John Sutcliffe (designer)

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For other people named John Sutcliffe, see John Sutcliffe (disambiguation).

John Sutcliffe (died 1987) was a British fashion designer and fetish photographer, famous in the 1950s, 1960s and 1970s as a designer of clothes for aficionados of leather, rubber and PVC fetishism, with an emphasis on rubber and leather catsuits, cloaks, and gasmasks.

After service in the RAF, he set up a workshop at 10a Dryden Street in London.

It is a popular misconception that he designed the leather outfits for The Avengers. He did not[1] They were designed by Michael Whittaker for Honor Blackman and by John Bates for Diana Rigg, although they may have been made in John's workshop. He did design some costumes for the stage version of the Avengers which appeared later. He did however design the leather outfit worn by the main protagonist in the movie The Girl on a Motorcycle which influence the look portrayed in the Avengers.[2]

At one time he designed a boot suit, which comprised a pair of thigh-length boots, which carried on to join at the crotch, and then upwards to become an entire catsuit with a hood.

He was also the publisher of the fetish magazine AtomAge, which featured many of his clothing designs. It had two sister publications, The Rubberist and Dressing For Pleasure, both of which are now published by Dave Watson of G&M Fashions.

AtomAge attracted a certain amount of attention when the police decided to prosecute the publisher, Sutcliffe, in the mid-1980s, for obscenity. Despite protest from both fetishists and defenders of civil liberties alike, Sutcliffe pleaded guilty. His stock and photos were seized and destroyed and the publications temporarily closed. The shame may well have contributed to his death.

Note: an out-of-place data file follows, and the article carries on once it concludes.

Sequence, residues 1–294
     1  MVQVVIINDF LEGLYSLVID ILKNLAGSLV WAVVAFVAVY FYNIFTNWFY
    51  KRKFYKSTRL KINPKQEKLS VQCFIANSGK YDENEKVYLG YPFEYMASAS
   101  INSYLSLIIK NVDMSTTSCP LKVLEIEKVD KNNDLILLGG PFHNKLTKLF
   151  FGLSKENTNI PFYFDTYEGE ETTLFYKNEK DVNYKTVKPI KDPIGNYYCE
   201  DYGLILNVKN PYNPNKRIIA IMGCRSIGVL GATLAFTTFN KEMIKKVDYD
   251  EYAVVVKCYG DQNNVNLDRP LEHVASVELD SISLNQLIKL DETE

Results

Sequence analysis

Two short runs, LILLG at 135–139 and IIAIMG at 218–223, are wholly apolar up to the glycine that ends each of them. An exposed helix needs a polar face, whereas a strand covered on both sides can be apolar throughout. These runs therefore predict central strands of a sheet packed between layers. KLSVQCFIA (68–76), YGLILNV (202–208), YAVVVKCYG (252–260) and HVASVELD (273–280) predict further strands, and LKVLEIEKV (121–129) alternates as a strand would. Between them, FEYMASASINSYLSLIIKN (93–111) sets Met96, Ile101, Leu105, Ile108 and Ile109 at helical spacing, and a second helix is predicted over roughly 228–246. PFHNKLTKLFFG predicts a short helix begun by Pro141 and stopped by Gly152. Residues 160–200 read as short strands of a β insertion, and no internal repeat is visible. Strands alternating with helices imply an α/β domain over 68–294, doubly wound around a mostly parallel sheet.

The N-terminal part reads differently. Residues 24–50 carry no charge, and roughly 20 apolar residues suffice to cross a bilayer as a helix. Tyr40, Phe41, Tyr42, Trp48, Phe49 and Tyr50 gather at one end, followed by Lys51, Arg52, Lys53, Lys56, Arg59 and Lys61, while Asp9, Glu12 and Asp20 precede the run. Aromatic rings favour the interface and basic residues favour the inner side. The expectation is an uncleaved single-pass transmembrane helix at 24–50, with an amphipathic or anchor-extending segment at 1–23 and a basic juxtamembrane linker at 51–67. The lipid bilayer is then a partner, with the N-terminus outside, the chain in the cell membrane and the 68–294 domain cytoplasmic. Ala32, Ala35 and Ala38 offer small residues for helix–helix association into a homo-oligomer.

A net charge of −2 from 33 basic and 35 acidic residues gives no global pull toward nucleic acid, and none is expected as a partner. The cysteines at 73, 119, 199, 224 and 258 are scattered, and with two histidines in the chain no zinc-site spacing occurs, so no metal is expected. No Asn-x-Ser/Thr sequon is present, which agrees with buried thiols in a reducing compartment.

Sutcliffe's legacy is the booming fetish clothing industry in Britain, Germany, the USA and many other parts of the world, the wide range of fetish events, such as the yearly Rubber Ball in the UK, and the large numbers of people who enjoy dressing up in exciting ways without fear of prosecution.

In his final years, Sutcliffe shared a workshop in West London.

2010 saw the publication of the first ever book about Sutcliffe and AtomAge - Dressing For Pleasure, a history of AtomAge is published by Fuel and edited by Jonny Trunk.

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